The study also suggests that the risk of methane release from natural ancient carbon reservoirs is lower than previously thought. Scientists have raised the possibility that global warming could release methane from very large ancient carbon reservoirs such as permafrost and gas hydrates—ice-like forms of methane in the sediments at the bottom of the ocean. These become less stable as temperatures increase.

If climate change from burning fossil fuels were to trigger large emissions of methane to the atmosphere from these old carbon reservoirs, this would lead to even more warming.

“The ancient air samples reveal that these kinds of scenarios regarding natural methane emissions are not as important to take into account for future planning,” Petrenko says.

“In contrast, anthropogenic fossil fuel emissions seem to be even larger than we previously thought so reducing these levels has more leverage to mitigate global warming,” he says.

The National Science Foundation supported the research.

Source: University of Rochester

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Product Description: This unique compilation provides comprehensive coverage of all aspects of biogas, methane, farm recovery processes, manure digesters and processing, the AgSTAR program, landfill methane gas, and the Global Methane Initiative. AgSTAR is focused on livestock producers (typically swine and dairy farms) for implementing methane recovery systems appropriate for confined livestock facilities that handle liquid or slurry manure. Gas recovery systems and digester technologies may provide enhanced environmental (air and water) and financial performance when compared to traditional waste management systems such as manure storages and lagoons. When livestock manure that is handled as a liquid or slurry decomposes anaerobically (without the presence of oxygen), it produces biogas. In waste management systems that are designed for treatment, such as digesters and anaerobic lagoons, biogas consists of about 60 to 70% methane and 30 to 40% carbon dioxide. When these gases are collected and transmitted to a combustion device, such as an electric generator, boiler, or absorption cooler, energy is produced. The captured biogas, which is 60 to 70 percent methane, can be used to generate electricity or replace fossil fuels for other energy needs. Municipal solid waste (MSW) landfills are the third-largest source of human-related methane emissions in the United States, accounting for approximately 17 percent of these emissions in 2009. At the same time, methane emissions from landfills represent a lost opportunity to capture and use a significant energy resource. Landfill gas (LFG) is created as solid waste decomposes in a landfill. This gas consists of about 50 percent methane (the primary component of natural gas), about 50 percent carbon dioxide (CO2), and a small amount of non–methane organic compounds. Instead of escaping into the air, LFG can be captured, converted, and used as an energy source. Using LFG helps to reduce odors and other hazards associated with LFG emissions, and it helps prevent methane from migrating into the atmosphere and contributing to local smog and global climate change. LFG is extracted from landfills using a series of wells and a blower/flare (or vacuum) system. This system directs the collected gas to a central point where it can be processed and treated depending upon the ultimate use for the gas. From this point, the gas can be flared, used to generate electricity, replace fossil fuels in industrial and manufacturing operations, or upgraded to pipeline–quality gas where the gas may be used directly or processed into an alternative vehicle fuel. The goals of the Global Methane Initiative (GMI), an international public-private partnership, are to reduce global methane emissions to fight climate change, enhance economic growth, strengthen energy security, and improve local environmental quality and industrial safety. Building on experience from the U.S. Environmental Protection Agency's (EPA's) successful domestic methane emission reduction programs, GMI brings together the public and private sectors to develop projects that can reduce emissions from the agriculture, coal mine, landfill, oil and gas systems, and municipal wastewater sectors. GMI was launched in 2010 based on the strong foundation of the accomplishments of the Methane to Markets Partnership, which was formed in 2004.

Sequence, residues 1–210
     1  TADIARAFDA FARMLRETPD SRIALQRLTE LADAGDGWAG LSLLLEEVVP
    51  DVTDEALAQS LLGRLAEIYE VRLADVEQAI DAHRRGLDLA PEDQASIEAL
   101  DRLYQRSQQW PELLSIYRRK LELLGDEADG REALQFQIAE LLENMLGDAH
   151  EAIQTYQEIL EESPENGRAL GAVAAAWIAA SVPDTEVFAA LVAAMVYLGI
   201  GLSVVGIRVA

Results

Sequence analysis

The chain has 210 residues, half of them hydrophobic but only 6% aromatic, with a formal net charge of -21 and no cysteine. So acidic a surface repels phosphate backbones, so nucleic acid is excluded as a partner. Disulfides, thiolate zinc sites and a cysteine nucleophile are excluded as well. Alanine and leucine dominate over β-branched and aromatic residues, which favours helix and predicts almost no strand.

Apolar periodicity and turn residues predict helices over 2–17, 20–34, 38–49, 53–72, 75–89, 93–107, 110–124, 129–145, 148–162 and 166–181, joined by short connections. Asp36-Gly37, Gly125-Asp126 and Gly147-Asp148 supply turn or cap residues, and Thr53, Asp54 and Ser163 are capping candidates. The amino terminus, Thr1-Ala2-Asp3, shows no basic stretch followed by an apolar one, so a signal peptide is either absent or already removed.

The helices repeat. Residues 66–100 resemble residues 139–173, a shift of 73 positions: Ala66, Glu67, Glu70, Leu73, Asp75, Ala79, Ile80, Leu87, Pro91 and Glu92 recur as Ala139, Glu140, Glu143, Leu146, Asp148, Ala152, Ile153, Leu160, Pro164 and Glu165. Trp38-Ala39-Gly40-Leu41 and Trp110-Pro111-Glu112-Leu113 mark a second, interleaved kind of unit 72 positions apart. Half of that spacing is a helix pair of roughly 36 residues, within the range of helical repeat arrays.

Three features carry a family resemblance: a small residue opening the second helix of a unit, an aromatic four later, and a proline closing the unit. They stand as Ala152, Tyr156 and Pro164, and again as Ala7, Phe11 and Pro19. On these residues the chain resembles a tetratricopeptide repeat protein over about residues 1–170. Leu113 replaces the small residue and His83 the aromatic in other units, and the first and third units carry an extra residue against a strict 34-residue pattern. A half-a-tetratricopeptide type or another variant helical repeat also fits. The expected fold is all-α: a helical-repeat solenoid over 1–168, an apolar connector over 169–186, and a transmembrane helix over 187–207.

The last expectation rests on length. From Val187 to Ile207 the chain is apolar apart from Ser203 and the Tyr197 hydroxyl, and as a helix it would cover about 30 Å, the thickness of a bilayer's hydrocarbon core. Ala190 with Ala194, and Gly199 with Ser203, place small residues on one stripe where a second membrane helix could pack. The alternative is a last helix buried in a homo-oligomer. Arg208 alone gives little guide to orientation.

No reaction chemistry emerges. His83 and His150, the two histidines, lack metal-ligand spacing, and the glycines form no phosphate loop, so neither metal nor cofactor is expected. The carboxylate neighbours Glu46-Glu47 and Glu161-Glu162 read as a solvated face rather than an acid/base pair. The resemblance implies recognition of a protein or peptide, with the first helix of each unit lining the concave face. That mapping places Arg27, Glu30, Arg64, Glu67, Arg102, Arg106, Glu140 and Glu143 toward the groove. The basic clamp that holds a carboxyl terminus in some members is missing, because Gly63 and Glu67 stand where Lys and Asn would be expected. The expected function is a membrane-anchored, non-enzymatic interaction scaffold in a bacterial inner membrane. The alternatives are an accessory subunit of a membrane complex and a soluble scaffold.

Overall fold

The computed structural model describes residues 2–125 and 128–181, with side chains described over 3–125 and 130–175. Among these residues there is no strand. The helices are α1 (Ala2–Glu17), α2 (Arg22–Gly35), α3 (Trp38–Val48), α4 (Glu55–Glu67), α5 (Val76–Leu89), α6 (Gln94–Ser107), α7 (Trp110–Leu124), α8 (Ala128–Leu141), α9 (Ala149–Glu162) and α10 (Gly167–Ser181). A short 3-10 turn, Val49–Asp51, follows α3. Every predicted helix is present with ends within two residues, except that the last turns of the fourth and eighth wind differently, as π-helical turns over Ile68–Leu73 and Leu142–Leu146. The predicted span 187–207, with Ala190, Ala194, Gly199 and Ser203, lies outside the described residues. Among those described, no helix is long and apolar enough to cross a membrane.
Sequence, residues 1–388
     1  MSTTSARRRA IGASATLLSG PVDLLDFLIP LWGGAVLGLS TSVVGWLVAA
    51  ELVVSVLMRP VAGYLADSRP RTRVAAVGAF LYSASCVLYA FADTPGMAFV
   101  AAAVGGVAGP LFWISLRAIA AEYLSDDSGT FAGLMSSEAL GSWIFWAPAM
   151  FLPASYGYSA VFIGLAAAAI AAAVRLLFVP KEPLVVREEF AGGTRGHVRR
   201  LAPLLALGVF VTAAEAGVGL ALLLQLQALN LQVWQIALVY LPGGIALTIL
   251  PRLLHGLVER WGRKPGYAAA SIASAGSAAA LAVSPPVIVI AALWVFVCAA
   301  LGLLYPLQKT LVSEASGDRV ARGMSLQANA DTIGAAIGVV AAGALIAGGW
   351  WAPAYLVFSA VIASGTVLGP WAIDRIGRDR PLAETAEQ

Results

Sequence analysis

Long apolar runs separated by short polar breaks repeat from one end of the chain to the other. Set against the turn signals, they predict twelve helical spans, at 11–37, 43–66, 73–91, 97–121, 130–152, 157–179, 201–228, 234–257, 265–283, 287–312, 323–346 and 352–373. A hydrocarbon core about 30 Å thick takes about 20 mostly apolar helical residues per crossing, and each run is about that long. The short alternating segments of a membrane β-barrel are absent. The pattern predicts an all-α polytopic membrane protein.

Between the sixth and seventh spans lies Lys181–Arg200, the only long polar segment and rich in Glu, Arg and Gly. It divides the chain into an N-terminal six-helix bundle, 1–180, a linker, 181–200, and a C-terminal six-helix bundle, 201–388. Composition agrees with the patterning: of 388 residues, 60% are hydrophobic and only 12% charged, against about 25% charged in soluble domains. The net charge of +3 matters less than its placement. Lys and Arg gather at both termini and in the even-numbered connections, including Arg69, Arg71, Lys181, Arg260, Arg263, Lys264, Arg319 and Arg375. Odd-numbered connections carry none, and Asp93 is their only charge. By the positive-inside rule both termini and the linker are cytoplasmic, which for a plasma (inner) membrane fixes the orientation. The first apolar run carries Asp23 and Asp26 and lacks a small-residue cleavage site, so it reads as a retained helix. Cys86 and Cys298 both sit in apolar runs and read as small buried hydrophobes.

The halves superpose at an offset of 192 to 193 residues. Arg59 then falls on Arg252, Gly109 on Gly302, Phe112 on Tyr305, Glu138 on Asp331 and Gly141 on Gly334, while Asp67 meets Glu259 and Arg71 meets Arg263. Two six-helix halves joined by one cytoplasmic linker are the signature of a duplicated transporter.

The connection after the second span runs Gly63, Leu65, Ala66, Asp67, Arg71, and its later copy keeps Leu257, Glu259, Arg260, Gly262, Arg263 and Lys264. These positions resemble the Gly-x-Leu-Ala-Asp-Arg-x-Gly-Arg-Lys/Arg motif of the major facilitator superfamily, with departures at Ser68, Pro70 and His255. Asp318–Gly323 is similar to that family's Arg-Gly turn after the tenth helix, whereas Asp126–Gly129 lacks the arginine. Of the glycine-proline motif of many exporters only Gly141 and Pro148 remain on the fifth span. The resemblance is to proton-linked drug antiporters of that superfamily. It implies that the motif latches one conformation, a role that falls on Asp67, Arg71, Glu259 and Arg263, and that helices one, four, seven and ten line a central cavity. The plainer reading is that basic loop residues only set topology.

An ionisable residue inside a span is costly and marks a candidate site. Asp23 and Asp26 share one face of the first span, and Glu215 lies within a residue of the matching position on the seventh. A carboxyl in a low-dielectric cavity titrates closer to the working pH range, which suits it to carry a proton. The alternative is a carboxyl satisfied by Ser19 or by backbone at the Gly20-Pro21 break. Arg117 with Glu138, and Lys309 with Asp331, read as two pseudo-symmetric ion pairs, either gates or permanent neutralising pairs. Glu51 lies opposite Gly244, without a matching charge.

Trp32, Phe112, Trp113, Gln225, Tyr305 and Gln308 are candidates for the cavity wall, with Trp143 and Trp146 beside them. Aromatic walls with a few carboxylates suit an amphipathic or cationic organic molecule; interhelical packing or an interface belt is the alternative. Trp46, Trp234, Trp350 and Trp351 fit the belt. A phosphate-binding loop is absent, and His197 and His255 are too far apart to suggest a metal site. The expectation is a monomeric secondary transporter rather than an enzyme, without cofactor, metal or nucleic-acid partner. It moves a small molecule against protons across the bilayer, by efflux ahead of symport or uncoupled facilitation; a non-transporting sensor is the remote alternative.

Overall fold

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Understanding, quantifying, and tracking atmospheric methane and emissions is essential for addressing concerns and informing decisions that affect the climate, economy, and human health and safety. Atmospheric methane is a potent greenhouse gas (GHG) that contributes to global warming. While carbon dioxide is by far the dominant cause of the rise in global average temperatures, methane also plays a significant role because it absorbs more energy per unit mass than carbon dioxide does, giving it a disproportionately large effect on global radiative forcing. In addition to contributing to climate change, methane also affects human health as a precursor to ozone pollution in the lower atmosphere.

Improving Characterization of Anthropogenic Methane Emissions in the United States summarizes the current state of understanding of methane emissions sources and the measurement approaches and evaluates opportunities for methodological and inventory development improvements. This report will inform future research agendas of various U.S. agencies, including NOAA, the EPA, the DOE, NASA, the U.S. Department of Agriculture (USDA), and the National Science Foundation (NSF).